Queering Duke History
THE AGE OF VITALITY
There have been significant advances toward LGBTQ equality on the national front and at Duke in the last four years. Twelve states have established marriage equality and, for the first time in history, a majority of Americans support marriage equality. The federal government now recognizes same-sex marriages and is working to protect all LGBTQ Americans in employment, housing and legal protections. Eighteen years after Duke University President Keith Brodie wrote to President Bill Clinton about LGBTQ rights, the United States military finally stopped discriminating against LGBTQ soldiers.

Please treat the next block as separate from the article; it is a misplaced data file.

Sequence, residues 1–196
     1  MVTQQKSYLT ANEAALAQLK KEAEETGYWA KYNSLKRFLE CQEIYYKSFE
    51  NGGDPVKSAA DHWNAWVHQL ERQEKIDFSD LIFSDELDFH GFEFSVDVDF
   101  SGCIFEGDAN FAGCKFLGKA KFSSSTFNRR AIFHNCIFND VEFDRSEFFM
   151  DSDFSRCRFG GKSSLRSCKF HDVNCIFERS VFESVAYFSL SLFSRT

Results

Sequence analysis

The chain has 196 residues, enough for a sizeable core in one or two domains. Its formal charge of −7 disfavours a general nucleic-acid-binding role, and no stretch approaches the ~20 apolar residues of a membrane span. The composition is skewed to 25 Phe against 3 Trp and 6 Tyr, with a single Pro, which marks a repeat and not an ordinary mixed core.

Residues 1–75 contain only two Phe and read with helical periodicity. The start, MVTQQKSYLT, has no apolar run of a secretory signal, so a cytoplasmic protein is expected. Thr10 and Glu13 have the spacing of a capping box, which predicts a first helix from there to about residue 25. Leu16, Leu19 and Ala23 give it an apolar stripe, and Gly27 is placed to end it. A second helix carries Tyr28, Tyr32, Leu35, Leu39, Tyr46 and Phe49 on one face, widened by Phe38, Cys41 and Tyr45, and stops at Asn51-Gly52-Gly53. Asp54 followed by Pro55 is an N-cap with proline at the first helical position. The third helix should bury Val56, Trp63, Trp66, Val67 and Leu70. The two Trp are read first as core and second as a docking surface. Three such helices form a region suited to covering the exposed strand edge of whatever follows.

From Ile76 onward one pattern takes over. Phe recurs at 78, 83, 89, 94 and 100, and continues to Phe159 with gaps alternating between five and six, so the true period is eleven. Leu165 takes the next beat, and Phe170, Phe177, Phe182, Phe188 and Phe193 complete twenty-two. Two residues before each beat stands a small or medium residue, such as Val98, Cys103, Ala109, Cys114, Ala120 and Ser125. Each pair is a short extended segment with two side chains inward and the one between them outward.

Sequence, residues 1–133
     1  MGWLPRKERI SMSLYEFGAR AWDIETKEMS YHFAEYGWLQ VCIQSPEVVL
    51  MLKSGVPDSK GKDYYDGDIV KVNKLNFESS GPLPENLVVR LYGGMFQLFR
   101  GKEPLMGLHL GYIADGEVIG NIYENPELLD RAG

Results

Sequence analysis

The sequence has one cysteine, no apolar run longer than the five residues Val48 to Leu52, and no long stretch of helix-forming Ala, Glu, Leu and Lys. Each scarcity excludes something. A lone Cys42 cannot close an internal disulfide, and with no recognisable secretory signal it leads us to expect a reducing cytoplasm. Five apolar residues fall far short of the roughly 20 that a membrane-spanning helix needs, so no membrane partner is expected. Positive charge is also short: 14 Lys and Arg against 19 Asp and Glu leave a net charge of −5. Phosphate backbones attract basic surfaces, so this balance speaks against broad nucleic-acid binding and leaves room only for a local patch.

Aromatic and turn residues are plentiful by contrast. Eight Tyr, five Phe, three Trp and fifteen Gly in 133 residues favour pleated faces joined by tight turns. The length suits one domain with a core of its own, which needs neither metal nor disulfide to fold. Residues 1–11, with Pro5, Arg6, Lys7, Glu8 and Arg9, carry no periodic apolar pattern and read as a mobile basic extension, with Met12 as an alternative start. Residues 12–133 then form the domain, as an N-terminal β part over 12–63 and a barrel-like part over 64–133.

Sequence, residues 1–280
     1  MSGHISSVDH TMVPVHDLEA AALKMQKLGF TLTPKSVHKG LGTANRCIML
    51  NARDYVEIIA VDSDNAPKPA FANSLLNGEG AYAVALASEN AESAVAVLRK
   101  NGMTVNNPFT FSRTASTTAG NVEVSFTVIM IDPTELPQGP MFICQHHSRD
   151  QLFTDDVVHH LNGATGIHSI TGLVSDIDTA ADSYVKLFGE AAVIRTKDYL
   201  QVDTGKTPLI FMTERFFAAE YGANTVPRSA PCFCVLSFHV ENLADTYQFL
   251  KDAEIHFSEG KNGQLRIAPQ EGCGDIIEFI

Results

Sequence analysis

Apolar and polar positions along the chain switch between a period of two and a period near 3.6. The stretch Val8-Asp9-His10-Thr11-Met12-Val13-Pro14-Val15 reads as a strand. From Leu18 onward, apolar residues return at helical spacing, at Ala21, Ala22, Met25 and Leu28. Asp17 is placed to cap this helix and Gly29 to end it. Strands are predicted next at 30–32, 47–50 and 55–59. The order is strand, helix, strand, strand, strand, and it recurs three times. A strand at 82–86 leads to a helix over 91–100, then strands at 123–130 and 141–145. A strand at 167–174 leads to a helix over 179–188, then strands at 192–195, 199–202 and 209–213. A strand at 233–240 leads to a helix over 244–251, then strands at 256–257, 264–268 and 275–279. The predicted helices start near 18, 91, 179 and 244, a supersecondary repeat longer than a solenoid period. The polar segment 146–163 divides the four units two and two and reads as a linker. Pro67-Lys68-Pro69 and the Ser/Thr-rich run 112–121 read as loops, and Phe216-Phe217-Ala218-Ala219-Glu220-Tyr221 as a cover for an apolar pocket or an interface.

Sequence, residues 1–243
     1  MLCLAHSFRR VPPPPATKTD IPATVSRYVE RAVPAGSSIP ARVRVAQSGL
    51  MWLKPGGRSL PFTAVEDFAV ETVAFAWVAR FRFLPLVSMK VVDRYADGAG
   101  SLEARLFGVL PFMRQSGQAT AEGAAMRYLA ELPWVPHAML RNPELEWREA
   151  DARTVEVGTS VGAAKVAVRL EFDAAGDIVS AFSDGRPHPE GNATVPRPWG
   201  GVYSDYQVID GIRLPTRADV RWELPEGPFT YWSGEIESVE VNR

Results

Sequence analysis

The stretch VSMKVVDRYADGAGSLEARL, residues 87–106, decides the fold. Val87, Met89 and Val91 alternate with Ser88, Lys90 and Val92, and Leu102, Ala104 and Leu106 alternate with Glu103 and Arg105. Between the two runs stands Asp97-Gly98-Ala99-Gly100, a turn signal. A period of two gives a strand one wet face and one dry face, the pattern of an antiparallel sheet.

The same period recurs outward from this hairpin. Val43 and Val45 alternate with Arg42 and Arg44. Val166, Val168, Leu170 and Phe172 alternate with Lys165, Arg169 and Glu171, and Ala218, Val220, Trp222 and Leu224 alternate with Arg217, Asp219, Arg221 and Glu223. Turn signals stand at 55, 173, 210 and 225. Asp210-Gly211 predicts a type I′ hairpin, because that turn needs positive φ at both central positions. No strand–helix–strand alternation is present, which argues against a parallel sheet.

Duke University began to address the transgender members in LGBTQ community by changing its policies to allow students to use their preferred name on class rosters and becoming one of the first schools in the country to provide a gender-neutral housing option. In 2013 the Center for LGBT Life became the Center for Sexual and Gender Diversity and moved to a new larger and more visible location in the Bryan Student Center. While the struggle for full LGBTQ acceptance is not over, it is undeniable that the future of LGBTQ equality has never looked so bright at Duke and beyond.